A material difference
Gary Stevens explains how Gnosys' self-healing technology is poised to transform network performance.
2nd June 2017 by Networks
As the name implies, self-healing materials are those that will repair themselves if damaged, much like how a cut will clot, heal over and eventually fade. It can be imagined that these materials would be of great use in network assets that are difficult or impossible to access, and for those assets that are vital to network function.
A good example is underground and offshore power cables, which are frequently kilometres long, and often run under or alongside other urban infrastructure or along the seabed. Naturally, a failure in a cable of this type will cause significant disruption while the fault is located and rectified – where such faults occur, they incur significant lost time and repair costs.
So how would self-healing materials help these assets? In most cases, the failure is not brought about by a sudden, catastrophic event (barring third-party mishaps) but rather because of steady deterioration as a result of defects and damage that in many cases are unremarkable but can have insidious and serious longer-term consequences. Gnosys’ self-healing materials are capable of autonomously resolving these defects as soon as they arise, effectively allowing the cable to maintain itself. By preventing defect formation, we can substantially enhance the resilience of the cable and reduce the likelihood of unexpected failures, allowing asset managers to develop longer-term plans, confident in the reliability of their self-protected assets.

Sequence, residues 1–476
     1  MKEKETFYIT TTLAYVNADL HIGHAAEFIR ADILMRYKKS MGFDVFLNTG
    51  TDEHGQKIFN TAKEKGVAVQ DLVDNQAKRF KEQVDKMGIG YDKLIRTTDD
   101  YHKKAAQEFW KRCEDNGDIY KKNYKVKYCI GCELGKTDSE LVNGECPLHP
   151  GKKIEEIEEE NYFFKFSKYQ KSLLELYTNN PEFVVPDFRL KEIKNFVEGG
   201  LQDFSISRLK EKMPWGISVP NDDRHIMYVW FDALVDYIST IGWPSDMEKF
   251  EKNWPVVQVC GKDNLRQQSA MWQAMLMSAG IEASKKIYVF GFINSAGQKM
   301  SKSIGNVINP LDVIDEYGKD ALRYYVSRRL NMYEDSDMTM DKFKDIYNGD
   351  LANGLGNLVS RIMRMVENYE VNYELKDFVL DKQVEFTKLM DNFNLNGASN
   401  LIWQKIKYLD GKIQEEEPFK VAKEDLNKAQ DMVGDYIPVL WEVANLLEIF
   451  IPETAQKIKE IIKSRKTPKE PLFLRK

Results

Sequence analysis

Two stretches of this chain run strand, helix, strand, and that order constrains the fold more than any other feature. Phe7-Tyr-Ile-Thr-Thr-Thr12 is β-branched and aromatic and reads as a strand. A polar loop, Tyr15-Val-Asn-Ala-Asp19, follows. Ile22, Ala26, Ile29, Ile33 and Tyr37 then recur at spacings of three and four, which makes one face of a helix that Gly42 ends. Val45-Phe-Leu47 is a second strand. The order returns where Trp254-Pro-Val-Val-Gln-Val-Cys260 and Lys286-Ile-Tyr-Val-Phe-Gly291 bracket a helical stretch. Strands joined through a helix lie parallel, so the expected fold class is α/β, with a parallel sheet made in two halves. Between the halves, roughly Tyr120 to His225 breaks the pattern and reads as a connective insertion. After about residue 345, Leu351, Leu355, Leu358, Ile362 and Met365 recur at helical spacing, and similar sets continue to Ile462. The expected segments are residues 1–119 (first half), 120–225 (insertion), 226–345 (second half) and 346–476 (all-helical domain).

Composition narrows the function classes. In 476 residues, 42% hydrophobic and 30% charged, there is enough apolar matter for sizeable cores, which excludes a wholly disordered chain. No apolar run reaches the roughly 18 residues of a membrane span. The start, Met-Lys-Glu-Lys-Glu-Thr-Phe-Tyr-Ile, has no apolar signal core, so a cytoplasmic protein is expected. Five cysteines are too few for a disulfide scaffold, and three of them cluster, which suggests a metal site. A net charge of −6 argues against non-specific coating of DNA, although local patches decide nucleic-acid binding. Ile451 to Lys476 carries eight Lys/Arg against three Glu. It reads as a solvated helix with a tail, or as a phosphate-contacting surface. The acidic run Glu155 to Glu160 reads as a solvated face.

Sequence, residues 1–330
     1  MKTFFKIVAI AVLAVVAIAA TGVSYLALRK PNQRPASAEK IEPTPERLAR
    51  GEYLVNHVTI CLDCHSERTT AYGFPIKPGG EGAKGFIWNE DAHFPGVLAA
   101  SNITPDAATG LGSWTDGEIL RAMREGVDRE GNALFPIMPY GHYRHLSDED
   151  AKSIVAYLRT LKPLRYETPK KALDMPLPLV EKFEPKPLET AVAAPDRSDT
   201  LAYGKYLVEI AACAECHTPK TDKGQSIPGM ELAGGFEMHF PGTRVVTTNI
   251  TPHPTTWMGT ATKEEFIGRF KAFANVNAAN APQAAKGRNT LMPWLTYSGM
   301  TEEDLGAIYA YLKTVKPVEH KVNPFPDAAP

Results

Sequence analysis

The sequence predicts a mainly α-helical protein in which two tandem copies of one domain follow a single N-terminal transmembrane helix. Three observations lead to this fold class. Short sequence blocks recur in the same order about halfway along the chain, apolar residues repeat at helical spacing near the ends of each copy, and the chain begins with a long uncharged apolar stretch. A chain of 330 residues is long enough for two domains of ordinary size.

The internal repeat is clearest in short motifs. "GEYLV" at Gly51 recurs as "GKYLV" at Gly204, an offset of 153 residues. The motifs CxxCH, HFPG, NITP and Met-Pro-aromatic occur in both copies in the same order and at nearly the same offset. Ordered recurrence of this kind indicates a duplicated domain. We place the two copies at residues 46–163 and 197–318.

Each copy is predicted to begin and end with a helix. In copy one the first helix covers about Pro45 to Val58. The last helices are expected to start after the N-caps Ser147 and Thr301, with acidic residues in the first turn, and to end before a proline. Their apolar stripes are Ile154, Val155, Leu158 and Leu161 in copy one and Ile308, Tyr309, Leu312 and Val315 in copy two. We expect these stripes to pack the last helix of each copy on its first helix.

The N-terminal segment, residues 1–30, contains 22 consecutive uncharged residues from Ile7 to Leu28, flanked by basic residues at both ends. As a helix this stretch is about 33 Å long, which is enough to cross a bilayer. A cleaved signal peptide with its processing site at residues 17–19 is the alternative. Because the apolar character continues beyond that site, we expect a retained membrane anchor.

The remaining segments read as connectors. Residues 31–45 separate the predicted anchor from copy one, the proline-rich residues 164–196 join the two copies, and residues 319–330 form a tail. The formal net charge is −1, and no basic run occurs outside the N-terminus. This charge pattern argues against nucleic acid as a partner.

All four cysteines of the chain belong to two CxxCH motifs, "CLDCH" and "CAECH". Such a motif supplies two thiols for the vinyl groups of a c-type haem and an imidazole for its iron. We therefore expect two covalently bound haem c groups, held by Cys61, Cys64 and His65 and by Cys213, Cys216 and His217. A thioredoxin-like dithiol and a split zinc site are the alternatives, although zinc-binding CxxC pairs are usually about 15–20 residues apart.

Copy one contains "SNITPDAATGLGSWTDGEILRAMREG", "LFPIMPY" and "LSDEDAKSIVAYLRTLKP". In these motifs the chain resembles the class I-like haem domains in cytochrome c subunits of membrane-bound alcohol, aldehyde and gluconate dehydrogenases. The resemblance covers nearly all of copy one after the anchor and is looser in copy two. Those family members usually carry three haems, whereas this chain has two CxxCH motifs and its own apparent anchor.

However, not all cables are created equal; there are a wide range of cable designs and insulation systems, and the operating conditions at the bottom of the North Sea clearly differ from those under inner-city London. Gnosys has therefore developed versatile technology platforms that can meet the various needs of different cable systems, including solutions for older fluid-filled cables still in use throughout the network. For these cables, the repair system can be retrofitted to incorporate self-healing without needing to excavate the cable, thereby avoiding the need for a capital replacement programme. For others, new polymeric cables can be manufactured with the solid self-repair systems in place. Similar technologies are being developed for gas network assets.
Self-healing materials are only one part of Gnosys’ materials development and condition assessment strategy. We are investigating approaches to keep water out of assets – from cables to inspection pits. With Innovate UK funding support, our advanced materials programme is driving the development of next-generation insulation materials incorporating nano-scale fillers to enhance heat transfer and electric strength in switchgear and power cables. Through NIA-supported projects, we are developing methods to rapidly assess the identity and condition of polymer pipe, fittings and welded joint quality in gas networks as well as developing new internal inspection methods in large power transformers. This enhances the management of new and older assets, and supports better-informed asset management and replacement strategies. We are even diversifying our spatial condition assessment methods to provide safe and secure drone platforms and procedures for beyond visual line of sight operation supporting wide area and long-distance network inspection.
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